How your pregnancy diet could raise your child’s diabetes risk

Study suggests having a poor pregnancy diet increased the risk of your child getting diabetes later in life


Eating unhealthily while you’re pregnant reduces your baby’s ability to store fats in the correct parts of the body. This raises your child’s risk of getting diabetes and other age-related diseases when they’re older, research has found.


Results of the research, carried out by Cambridge and Leicester Universities, could help experts determine which people are more at risk of developing diabetes and to design new treatments.

“One of the ways that our bodies cope with a rich modern western diet is by storing excess calories in fat cells,” said researcher Professor Anne Willis.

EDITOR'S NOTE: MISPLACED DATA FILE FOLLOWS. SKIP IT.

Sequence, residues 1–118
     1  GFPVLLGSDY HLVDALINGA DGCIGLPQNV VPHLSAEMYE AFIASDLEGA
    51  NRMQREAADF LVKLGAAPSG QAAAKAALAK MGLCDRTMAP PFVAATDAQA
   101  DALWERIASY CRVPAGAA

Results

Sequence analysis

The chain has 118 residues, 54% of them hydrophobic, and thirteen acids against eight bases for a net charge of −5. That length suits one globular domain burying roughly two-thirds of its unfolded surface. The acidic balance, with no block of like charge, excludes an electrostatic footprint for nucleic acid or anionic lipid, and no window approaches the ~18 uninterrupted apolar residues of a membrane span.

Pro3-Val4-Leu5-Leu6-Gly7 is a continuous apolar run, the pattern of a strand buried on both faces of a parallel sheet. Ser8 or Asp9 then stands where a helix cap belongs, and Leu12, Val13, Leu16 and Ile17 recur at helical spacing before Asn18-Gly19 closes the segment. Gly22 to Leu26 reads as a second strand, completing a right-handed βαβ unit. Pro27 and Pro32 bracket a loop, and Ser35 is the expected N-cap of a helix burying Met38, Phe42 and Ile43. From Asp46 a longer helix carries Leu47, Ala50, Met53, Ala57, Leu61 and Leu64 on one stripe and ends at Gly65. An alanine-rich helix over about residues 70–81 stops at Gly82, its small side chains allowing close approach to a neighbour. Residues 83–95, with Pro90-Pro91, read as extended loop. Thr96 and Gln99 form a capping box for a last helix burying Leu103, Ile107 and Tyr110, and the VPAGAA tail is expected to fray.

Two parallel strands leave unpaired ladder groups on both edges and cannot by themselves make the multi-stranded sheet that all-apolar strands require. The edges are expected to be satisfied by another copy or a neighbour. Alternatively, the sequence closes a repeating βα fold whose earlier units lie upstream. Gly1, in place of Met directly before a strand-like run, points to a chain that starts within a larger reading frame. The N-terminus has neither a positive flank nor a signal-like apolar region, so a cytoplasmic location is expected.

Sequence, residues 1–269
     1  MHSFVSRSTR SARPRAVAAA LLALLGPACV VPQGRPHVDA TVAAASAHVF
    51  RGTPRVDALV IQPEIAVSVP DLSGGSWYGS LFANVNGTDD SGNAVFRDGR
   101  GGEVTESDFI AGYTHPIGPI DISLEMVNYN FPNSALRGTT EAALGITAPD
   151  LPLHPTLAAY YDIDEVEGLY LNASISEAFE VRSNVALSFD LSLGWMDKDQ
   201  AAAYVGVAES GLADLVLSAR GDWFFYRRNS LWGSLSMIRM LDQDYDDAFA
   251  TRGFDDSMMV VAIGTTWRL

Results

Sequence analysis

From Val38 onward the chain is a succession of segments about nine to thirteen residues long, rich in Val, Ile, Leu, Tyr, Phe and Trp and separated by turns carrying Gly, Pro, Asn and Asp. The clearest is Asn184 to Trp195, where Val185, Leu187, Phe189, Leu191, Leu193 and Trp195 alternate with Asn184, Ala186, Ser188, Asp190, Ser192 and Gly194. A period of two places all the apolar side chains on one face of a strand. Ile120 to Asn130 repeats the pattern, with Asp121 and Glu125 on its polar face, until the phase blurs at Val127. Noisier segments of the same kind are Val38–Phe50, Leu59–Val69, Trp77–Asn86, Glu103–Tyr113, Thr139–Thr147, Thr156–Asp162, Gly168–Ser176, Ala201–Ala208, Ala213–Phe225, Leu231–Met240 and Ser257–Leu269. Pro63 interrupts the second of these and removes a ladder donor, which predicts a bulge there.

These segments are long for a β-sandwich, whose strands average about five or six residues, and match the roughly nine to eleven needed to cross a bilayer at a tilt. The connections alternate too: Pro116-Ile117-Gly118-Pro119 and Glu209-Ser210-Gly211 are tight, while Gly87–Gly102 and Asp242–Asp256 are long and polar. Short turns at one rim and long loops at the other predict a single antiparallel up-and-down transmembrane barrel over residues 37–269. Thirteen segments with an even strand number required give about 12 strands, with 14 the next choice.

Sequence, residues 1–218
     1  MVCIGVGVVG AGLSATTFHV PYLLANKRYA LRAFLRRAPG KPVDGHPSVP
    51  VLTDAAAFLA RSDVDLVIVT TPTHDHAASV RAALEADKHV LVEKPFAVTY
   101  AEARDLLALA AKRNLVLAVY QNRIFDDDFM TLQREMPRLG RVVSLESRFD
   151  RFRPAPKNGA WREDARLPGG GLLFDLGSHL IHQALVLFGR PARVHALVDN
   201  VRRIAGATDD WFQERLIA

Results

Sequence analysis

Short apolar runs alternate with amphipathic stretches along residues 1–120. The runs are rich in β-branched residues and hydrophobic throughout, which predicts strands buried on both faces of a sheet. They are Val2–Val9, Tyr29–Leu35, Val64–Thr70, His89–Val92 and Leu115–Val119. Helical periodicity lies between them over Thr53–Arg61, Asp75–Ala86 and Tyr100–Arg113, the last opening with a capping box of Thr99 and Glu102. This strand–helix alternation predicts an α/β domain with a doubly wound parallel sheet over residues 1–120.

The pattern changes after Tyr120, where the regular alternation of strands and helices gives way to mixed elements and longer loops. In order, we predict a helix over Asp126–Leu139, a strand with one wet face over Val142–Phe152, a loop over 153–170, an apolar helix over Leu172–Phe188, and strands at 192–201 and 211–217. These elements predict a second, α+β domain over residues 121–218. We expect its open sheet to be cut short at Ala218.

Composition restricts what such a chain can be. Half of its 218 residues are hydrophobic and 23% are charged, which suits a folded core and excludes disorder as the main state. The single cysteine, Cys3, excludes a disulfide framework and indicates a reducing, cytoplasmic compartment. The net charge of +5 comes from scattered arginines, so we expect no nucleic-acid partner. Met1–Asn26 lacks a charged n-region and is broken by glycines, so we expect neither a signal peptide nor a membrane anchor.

“When these cells aren’t able to absorb the excess then fats get deposited in other places, like the liver where they are much more dangerous and can lead to type 2 diabetes,” explained Professor Anne.

The study found that those who were exposed to a bad diet in the womb had higher levels of a molecule called mir-483-3p in their body. Researchers linked this molecule to the development of smaller fat cells that are less able to store fat properly in later stages in life.

“It has been known for a while that your mother’s diet during pregnancy plays an important role in your adult health, but the mechanisms in the body that underlie this aren’t well understood,” said Dr Susan Ozanne, who led the study.

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